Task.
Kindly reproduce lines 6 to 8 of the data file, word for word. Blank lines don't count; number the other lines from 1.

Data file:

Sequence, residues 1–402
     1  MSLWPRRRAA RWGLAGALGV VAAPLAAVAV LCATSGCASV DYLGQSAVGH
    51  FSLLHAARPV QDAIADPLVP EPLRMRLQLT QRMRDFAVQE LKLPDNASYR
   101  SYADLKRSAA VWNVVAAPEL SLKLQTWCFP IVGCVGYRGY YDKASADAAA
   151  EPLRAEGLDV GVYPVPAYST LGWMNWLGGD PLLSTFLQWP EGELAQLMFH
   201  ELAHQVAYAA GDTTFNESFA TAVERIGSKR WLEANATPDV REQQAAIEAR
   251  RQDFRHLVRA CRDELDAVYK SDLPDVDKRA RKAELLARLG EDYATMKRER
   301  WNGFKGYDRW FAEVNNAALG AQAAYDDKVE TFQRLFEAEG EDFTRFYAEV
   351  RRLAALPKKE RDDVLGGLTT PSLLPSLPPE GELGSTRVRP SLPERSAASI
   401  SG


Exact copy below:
   201  ELAHQVAYAA GDTTFNESFA TAVERIGSKR WLEANATPDV REQQAAIEAR
   251  RQDFRHLVRA CRDELDAVYK SDLPDVDKRA RKAELLARLG EDYATMKRER
   301  WNGFKGYDRW FAEVNNAALG AQAAYDDKVE TFQRLFEAEG EDFTRFYAEV